68º27.90´ N, 110º32.30´ W
During our third day at sea, the fog lifted, the skies cleared and finally, we had sunshine! It is amazing how much the quality of life improves when you can see where you are going!
In the evenings, we watch in awe as the sun disappears behind the horizon and its rays paint the sky and the sea with the most astonishing colours. Although the sun stays behind the horizon a little longer every night, we still have nearly 24 hours daylight which is of great help when negotiating the narrow channels of the Passage.
We are presently motoring along Coronation Gulf between Victoria Island and the mainland. Since we left Tuktoyaktuk about four days ago, besides Sarema's crew, we have not seen another living creature in this godforsaken place, not in the sea, on its shores or on the radar. On both sides of the Passage, the land stretches away brown, rocky and desolate; it looks like a moonscape without the craters. There is not a tree or shrub to be seen. To describe the landscape, deserted, except that we doubt if anyone ever lived here, and barren are further adjectives that come to mind. It is difficult to imagine a place more lonely and empty than the Arctic.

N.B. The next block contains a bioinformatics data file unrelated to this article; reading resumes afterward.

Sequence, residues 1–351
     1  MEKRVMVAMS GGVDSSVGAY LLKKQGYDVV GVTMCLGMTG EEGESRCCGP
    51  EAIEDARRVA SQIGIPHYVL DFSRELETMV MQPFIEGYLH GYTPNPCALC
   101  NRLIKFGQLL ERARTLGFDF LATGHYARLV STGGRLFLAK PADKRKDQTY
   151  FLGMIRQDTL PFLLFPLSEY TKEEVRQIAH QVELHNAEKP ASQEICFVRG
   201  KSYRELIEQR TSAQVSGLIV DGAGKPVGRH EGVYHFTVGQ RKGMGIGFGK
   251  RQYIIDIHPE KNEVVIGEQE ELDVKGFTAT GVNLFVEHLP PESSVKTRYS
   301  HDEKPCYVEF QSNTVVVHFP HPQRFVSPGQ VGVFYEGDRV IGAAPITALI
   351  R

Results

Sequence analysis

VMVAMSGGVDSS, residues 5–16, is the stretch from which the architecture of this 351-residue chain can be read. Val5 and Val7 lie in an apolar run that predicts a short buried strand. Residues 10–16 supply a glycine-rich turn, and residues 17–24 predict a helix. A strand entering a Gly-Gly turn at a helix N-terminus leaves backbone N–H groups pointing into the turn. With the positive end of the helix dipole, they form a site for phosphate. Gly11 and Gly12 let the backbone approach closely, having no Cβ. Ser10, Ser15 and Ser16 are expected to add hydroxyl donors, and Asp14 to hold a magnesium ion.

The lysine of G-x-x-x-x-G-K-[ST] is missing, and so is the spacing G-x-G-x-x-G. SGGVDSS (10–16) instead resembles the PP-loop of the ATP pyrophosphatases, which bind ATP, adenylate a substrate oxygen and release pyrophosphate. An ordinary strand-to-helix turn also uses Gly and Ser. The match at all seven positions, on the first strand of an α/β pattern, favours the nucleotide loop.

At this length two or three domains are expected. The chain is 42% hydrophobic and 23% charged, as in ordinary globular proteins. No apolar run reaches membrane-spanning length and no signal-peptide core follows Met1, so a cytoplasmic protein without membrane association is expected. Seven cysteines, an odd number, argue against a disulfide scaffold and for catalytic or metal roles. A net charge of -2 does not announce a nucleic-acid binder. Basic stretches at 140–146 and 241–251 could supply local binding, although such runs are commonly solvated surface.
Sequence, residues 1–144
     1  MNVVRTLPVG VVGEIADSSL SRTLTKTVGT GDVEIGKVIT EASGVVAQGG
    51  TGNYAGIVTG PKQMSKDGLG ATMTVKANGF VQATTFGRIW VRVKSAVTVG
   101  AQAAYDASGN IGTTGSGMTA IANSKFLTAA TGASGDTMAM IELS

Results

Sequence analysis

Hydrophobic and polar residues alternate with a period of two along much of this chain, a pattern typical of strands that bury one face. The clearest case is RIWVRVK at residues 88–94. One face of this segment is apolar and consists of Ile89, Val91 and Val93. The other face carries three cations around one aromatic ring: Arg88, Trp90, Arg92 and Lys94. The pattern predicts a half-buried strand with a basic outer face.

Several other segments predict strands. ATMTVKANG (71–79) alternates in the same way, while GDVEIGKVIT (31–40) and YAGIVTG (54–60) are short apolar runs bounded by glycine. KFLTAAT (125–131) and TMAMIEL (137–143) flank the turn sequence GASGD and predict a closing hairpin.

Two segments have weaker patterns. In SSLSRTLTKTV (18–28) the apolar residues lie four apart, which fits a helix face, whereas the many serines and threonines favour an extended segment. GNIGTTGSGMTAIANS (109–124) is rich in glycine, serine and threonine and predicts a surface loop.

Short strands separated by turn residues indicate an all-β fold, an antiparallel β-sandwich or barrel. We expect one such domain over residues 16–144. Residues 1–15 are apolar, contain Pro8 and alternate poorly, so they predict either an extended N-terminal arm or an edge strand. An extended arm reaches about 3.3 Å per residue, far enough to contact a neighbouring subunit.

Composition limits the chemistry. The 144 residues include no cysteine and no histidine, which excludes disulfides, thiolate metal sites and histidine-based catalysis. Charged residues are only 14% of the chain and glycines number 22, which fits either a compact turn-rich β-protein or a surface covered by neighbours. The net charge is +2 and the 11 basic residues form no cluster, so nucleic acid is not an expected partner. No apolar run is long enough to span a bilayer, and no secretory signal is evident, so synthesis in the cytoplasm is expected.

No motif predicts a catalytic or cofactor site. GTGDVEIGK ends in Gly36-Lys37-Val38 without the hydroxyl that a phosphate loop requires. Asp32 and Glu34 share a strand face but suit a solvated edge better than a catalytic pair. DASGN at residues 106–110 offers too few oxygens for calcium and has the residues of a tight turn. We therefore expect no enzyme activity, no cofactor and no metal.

Speaking of empty, the Arctic wildlife or actually the lack of it has been a huge disappointment, especially to Riitta who has been in constant readiness with her camera, and being an optimist, continues to be so. Our sightings so far, all seen from a distance, comprise birds; mainly seagulls and a few flocks of eiders, maybe two dozen seals; harbour and ringed seals, a total of two caribou, and a lone whale that we were unable to identify because we only saw its blow. All that put together amounts to less than what we often sighted in one single day while sailing in southwest Alaska. The truth is that here in the Polar Region, where there is ice, there is life, as strange as that may sound. Ice is a crucial element for the Arctic wildlife and every year, there seems to be less and less of that precious commodity!